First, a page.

Whether it was buzzing bees, swimming swine or giddy goats, animals were the stars of the show Friday for the opening night of the 2019 Brazos Valley Fair & Rodeo’s main weekend.
While cowboys and cowgirls put their talents to the test in the Brazos County Expo’s red dirt arena, families also were able to enjoy more intimate experiences with agriculture, art, food and live entertainment.
The massive three-day event offers a wide variety of experiences both indoors and outside. In the Brazos Expo exhibit halls, visitors can admire art contest submissions and purchase everything from belt buckles to lobster seasoning. Two cooperating vendors offered up something sticky sweet and aromatic this year: local honey and honey-based products.
The Bee Weaver honey farm has been operating out of Grimes County since 1888, and for the second year in a row they’ve sold their wares at the Brazos Valley Fair. Bee Weaver store manager Mitzy Camp shared free samples of drizzling golden honey, tinted with flavors of fruits, nuts and even coffee. She also sold the soaps, scrubs, jams and honey treats that can be found at the honey farm’s brick-and-mortar location just south of Navasota.
“The fair [in 2018] was fabulous,” Camp said. “It was great. We got lots of local business from it, and we did really well, made some good contacts. ... We are very well known in the beekeeping industry, but we’re trying to get people to learn more about beekeeping.”
Underneath the umbrella of Bee Weaver, Chelsea Murray and her family have started a mead company, Wildflyer Mead Co., also based in Grimes County. At the same booth as Bee Weaver, Murray offered the unique honey-based alcoholic beverage for purchase on tap.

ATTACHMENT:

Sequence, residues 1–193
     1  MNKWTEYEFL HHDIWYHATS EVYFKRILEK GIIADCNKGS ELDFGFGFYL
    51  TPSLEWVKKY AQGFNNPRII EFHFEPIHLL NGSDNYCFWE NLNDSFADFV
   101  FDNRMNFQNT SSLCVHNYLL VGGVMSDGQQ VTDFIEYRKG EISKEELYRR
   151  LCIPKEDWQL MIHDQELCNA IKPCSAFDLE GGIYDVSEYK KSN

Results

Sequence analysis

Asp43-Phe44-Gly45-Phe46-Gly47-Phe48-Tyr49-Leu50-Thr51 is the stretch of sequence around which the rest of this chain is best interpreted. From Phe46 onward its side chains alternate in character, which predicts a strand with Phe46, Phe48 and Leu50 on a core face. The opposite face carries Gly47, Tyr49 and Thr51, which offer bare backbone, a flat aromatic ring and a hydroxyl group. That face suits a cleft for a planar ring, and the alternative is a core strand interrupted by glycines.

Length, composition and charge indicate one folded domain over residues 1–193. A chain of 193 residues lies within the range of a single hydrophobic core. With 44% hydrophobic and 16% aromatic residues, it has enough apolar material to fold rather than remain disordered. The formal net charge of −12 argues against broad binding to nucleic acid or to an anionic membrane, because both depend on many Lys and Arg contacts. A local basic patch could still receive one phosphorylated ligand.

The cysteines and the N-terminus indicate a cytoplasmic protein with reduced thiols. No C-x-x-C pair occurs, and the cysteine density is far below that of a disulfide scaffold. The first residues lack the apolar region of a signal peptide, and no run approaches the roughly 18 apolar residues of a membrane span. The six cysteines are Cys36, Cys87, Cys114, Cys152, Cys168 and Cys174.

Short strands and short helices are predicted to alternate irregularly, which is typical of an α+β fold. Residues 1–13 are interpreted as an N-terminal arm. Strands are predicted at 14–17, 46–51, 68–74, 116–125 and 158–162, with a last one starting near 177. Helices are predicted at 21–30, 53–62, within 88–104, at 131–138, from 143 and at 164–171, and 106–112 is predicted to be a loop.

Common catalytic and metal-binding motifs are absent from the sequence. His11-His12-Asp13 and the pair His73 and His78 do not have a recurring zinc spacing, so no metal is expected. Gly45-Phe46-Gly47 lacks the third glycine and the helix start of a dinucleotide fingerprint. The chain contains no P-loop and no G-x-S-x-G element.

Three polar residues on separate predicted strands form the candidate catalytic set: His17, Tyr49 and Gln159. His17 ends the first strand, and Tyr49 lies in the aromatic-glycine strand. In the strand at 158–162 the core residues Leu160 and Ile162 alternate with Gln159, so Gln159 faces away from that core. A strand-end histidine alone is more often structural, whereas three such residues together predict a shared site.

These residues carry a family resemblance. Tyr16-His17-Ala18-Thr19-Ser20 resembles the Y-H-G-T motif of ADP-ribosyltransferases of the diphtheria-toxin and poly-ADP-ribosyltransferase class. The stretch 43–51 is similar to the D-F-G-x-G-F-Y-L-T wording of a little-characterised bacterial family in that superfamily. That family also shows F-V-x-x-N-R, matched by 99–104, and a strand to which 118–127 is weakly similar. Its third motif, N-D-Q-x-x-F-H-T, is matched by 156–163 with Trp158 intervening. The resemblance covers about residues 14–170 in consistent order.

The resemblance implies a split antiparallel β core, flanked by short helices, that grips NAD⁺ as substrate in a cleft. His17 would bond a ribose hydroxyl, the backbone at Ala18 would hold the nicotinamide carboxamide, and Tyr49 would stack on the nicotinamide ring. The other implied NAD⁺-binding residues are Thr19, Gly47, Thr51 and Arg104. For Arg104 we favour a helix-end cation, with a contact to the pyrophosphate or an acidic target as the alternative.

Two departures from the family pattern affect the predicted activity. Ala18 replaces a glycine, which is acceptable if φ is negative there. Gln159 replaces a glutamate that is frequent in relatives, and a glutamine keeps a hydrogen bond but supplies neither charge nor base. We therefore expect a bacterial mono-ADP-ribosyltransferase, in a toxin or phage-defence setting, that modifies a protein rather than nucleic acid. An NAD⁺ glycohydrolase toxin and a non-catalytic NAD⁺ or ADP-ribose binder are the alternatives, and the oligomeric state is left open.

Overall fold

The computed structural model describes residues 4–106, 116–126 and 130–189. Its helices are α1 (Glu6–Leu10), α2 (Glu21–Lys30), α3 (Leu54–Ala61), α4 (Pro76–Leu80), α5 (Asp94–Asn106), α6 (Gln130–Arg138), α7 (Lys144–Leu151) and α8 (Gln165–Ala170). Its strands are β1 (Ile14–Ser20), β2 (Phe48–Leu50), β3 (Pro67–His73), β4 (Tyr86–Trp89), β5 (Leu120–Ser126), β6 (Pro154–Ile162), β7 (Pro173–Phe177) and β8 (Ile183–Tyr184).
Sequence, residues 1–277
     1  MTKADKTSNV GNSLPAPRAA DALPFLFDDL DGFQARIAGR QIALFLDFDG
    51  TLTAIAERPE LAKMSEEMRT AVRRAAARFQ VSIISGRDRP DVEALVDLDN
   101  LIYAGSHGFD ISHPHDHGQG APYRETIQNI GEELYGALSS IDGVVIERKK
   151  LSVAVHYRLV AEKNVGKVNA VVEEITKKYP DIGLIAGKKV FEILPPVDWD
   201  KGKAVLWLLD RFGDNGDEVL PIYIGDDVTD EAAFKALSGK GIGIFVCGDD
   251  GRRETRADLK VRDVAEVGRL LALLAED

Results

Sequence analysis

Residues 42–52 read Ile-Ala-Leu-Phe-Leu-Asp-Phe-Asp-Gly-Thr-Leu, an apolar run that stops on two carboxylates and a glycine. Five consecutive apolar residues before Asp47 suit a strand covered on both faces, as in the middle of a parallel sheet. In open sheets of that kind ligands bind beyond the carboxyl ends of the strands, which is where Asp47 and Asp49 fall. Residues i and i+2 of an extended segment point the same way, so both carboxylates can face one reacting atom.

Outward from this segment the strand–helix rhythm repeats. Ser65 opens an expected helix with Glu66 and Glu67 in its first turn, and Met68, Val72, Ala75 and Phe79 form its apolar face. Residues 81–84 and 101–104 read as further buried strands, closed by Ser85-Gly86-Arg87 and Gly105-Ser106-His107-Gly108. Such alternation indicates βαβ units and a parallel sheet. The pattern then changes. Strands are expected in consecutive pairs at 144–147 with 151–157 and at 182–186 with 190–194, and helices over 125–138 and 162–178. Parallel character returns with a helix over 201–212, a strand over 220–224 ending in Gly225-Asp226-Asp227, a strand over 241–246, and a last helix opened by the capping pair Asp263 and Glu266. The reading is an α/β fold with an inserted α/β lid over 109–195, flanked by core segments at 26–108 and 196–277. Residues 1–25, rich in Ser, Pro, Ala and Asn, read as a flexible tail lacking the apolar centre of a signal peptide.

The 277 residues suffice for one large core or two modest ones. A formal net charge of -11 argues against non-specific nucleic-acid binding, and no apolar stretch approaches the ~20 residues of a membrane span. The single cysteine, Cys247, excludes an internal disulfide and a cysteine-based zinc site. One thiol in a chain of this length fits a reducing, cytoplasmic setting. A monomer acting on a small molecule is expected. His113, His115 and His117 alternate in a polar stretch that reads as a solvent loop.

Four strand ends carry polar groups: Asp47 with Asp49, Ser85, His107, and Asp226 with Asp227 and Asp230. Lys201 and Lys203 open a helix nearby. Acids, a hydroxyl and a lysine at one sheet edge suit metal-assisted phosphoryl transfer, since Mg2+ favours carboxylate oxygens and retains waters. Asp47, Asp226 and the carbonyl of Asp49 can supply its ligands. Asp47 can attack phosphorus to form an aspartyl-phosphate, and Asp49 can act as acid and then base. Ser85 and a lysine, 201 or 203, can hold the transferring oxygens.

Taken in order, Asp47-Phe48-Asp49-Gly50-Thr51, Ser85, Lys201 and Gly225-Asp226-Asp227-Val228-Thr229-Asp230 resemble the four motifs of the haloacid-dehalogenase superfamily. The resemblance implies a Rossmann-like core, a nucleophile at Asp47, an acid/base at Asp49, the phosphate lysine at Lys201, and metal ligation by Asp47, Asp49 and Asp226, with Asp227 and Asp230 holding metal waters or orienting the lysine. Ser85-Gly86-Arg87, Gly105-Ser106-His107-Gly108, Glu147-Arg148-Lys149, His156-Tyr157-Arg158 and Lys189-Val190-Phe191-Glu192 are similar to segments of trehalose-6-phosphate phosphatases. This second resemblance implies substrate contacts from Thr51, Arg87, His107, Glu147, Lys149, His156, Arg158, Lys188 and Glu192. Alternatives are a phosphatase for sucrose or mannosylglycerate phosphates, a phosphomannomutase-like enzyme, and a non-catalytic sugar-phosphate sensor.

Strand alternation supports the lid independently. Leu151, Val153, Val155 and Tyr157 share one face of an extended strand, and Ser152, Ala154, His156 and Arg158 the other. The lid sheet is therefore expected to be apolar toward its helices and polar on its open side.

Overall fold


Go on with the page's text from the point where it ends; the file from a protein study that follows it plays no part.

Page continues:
“Wildflyer started Memorial Day weekend this year, and we are in the process of building tasting room production space now set up in [Bee Weaver’s] old honey house,” she said.
Not only could fair guests try the Bee Weaver and Wildflyer honey products in the vendor-filled exhibit hall, but they also could meet some Bee Weaver bees at an educational beekeeping station in the barn areas outside the Expo’s main arena. This area hosted dozens of animals and educational agricultural exhibits for children to explore and enjoy.
Chelsea Harris, a Texas A&M sophomore and experienced animal caretaker, volunteered with the fair’s animal exhibits, answering any questions visitors might have about the four-horned Jacob sheep, the giant Poland China pigs or the woolly Highland cows on display, along with a dozen additional farm animals.
“It’s very important people know where their food comes from,” Harris said. “A lot of people don’t know. It is really good to have the animals out here with information. Agriculture is the foundation of everyday life.”
While many animal attractions had an educational angle to them, some existed for pure fun and entertainment. With Swifty Swine Racing, the pigs that fair attendees saw weren’t just lounging in a pen; they were swimming and kicking up wood shavings around a small race track. Elouise Pool and Hendrik Swinepoel, entertainers with Swifty Swine, have been travelling with their 14 pigs for years now, putting on a show at fairs and rodeos all across the state.
With pig races, four pot-bellied pigs will be encouraged to run around a small track coated in soft wood shavings, rewarded with an Oreo cookie at the end. Each pig has the parodied name of a celebrity, from “Justin Bie-boar” to “Hillary Rod-ham Clinton” to “Donald Trump Roast.”
The Swifty Swine show was rich in puns and energetic audience participation. The crowd clapped for the main event, when Swifty himself, a small pig, swam a short distance in a water-filled trough.
Traveling fair-to-fair is fun for Pool and Swinepoel.
“Most of the time people tell us they love the pigs,” Pool said. “They are so cute, and people will ask if they can buy one. But these pigs are definitely not for sale.”
The fair and rodeo offer many more attractions and events for the whole family. For a schedule of the next two days' events, visit www.brazosvalleyfair.com.